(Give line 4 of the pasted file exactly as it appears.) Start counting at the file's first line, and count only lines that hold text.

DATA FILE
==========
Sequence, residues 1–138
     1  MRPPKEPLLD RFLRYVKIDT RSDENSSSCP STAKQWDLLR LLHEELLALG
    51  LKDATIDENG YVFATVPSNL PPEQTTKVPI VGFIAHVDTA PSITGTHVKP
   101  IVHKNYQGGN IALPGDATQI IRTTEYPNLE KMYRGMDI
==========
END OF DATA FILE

   101  IVHKNYQGGN IALPGDATQI IRTTEYPNLE KMYRGMDI